The 2023 Major League Baseball Hot Stove season has been officially lit and there are plenty of relief pitcher logs to toss onto the fire. The current list of free agent relievers includes a handful of high-priced veterans as well as many less expensive options. Somewhere out there are going to be difference-making bargains to be had.

In 2022, the Philadelphia Phillies bullpen began the season looking for all the world like it was again going to prove an Achilles heel in the club’s attempts to return to the postseason for the first time in over a decade.

As the summer arrived, a metamorphosis took place and the pen suddenly became a strength. By the end of the regular season the Phillies bullpen mix had allowed the fourth-fewest home runs in all of baseball. In the postseason the club’s relievers produced a 2.62 ERA and 1.09 WHIP.

The day after the World Series concluded, the Phillies saw a large group of pitchers become free agents. That group included back-end starting pitchers Kyle Gibson and Noah Syndergaard as well as veteran relievers David Robertson, Brad Hand, and Corey Knebel. Later in the week, starter-turned-reliever Zach Eflin declined a mutual option before the club had a chance to make the declination on their end.

Those six pitchers combined to make 131 relief appearances in the 2022 campaign for the Phillies, tossing 114.1 innings this season. Those games and innings are going to need to be replaced over the winter.

Coming to spring training with an inside edge on 2023 bullpen berths will be right-handers Seranthony Dominguez, Connor Brogdon, Andrew Bellatti, and Nick Nelson. The lefty arm of Jose Alvarado will almost certainly be offered arbitration and should also be returning.

There will be others from within the organization who should see action down in Clearwater and who, with a strong spring, could force themselves into the conversation. These could include the righty arms of Sam Coonrod and Francisco Morales as well as a parade of southpaws in Damon Jones, Cristopher Sanchez, Michael Plassmeyer, and Erik Miller.

All three of the Phillies top prospects are pitchers. But all three of Andrew Painter, Mick Abel, and Griff McGarry are considered starting pitchers by the organization and will continue on that path into next year.

When considering free agency possibilities, the Phillies have plenty of money to spend. However, they will need to fill a hole in their middle infield created by the decision to not pick up the club option on Jean Segura‘s contract for 2023. Rumors have it that they will be aggressively pursuing one of the big four free agent shortstops: Trea Turner, Carlos Correa, Xander Bogaerts, and Dansby Swanson.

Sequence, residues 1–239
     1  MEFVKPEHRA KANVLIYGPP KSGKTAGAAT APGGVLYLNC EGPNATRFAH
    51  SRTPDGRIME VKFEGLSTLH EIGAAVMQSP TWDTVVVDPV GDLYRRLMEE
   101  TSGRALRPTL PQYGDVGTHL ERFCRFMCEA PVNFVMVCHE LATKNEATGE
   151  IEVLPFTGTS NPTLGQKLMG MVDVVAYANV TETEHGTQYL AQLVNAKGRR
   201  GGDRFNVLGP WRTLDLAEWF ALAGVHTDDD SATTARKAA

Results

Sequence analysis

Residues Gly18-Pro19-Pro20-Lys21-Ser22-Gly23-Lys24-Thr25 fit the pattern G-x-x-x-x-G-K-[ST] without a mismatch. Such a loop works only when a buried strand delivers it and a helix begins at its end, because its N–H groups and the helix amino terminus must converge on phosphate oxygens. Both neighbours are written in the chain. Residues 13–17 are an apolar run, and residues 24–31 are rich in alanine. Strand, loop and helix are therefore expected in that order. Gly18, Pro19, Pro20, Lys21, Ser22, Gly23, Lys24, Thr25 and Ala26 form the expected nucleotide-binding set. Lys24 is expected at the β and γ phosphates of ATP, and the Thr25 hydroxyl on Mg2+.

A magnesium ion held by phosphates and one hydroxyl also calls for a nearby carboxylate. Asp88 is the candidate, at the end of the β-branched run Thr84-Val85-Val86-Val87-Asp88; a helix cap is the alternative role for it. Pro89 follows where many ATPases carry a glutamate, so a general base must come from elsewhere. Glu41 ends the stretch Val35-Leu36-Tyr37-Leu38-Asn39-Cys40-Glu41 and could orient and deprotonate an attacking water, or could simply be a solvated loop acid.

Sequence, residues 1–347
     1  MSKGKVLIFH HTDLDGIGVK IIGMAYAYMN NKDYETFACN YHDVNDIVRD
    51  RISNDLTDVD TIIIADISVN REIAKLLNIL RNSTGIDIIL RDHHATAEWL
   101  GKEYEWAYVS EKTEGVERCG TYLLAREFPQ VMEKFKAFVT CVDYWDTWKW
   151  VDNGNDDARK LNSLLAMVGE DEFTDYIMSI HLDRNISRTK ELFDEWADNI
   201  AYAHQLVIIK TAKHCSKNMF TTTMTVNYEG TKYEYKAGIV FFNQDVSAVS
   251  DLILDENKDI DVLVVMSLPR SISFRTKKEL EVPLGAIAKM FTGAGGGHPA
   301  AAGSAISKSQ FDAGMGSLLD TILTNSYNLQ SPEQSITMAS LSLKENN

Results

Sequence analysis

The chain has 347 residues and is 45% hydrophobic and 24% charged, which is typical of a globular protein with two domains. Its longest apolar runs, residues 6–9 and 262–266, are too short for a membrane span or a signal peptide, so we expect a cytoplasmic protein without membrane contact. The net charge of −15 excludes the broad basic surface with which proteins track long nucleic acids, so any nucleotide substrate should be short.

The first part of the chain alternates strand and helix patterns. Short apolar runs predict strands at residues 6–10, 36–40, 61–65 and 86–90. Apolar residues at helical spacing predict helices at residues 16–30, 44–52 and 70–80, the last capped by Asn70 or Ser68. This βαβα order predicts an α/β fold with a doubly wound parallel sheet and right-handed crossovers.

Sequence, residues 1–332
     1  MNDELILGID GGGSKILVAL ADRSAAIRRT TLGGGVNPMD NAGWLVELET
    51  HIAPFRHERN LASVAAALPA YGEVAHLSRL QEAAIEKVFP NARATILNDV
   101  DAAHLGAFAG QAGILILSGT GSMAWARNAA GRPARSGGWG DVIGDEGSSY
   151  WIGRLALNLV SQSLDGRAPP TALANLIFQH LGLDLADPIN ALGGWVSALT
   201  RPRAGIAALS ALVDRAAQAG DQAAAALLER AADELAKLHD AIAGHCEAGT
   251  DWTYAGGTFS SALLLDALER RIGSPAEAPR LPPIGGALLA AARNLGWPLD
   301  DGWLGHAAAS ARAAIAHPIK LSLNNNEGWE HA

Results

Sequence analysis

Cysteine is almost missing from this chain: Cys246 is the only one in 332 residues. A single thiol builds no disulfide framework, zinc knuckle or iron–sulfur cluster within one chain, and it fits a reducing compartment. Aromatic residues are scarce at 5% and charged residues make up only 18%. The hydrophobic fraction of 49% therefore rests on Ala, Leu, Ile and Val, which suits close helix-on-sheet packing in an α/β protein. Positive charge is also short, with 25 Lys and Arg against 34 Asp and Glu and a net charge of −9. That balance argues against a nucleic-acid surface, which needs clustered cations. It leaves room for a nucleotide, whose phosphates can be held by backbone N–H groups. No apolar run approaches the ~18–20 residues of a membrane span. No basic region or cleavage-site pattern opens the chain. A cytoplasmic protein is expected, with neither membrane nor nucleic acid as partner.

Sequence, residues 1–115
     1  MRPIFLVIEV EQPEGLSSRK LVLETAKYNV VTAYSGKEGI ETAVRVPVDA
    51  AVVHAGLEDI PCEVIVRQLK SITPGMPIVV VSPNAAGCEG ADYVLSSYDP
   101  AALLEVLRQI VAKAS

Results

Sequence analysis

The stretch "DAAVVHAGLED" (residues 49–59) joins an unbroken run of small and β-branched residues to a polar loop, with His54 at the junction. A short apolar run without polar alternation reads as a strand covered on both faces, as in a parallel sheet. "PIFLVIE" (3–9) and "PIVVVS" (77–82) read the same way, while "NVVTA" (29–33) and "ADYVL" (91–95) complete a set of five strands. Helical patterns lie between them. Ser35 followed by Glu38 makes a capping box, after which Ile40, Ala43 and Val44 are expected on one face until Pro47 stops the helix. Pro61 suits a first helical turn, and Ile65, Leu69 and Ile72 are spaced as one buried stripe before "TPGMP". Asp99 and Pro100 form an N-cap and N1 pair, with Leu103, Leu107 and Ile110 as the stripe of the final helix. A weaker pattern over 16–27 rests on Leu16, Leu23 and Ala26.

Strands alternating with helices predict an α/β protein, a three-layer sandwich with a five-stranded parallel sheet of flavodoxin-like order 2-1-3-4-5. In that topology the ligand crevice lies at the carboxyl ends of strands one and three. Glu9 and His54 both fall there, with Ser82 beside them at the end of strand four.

In addition, the Phillies will need to add a veteran starting pitcher who they could get on a shorter-term one- or two-year deal. This will allow at least two of the aforementioned trio of top prospects to put the finishing touches on their development in the minor leagues.

But the bullpen will also need some investment. With so many veterans leaving, the Phillies will almost certainly be looking to bring in at least a couple of veterans to support Dominguez and Alvarado at the back of the bullpen.

The higher-end options on the market (2023 ages in parentheses) are Kenley Jansen (35), Taylor Rogers (31), Craig Kimbrel (34), and Aroldis Chapman (35). Jansen and Rogers will likely command deals in the range of $13-14 million annually, while Chapman and Kimbrel should come in at around $6-7 million per season.

Here is a partial list of available relief pitchers as of this writing who will get lesser deals.

Right-handers: Trevor May (33), Will Harris (38), Mychal Givens (32), Michael Fulmer (30), Ian Kennedy (38), Craig Stammen (39), Trevor Rosenthal (33), Alex Colome (34), Seth Lugo (33), Adam Ottavino (37), Trevor Williams (31), Luke Jackson (31)

Left-handers: Will Smith (33), Zack Britton (35), Andrew Chafin (32), Matt Strahm (31), Matt Moore (33), Justin Wilson (35), Mike Montgomery (33), Sean Newcomb (29)

In addition, the pitchers who were with the club this past year and who are now free agents are also on the market and any of Robertson, Hand, or Knebel could theoretically return. Same with Eflin, should he not find a role and deal to his liking in free agency. The righty could decide that he wants to come back and be part of the Phillies back-end bullpen mix, a role that he filled in the postseason.

Also, the Phillies could bring in a reliever via trade. One scenario would be dealing either first baseman Rhys Hoskins or right fielder Nick Castellanos for an impactful bullpen arm or two. That scenario seems less likely than the club going the free agent route.

While I don’t see the Dave Dombrowski devoting big bucks to one of the bigger name, higher-priced pitchers, I do expect at least two or three free agent relievers to become prime targets for a deal at some point during this off-season.

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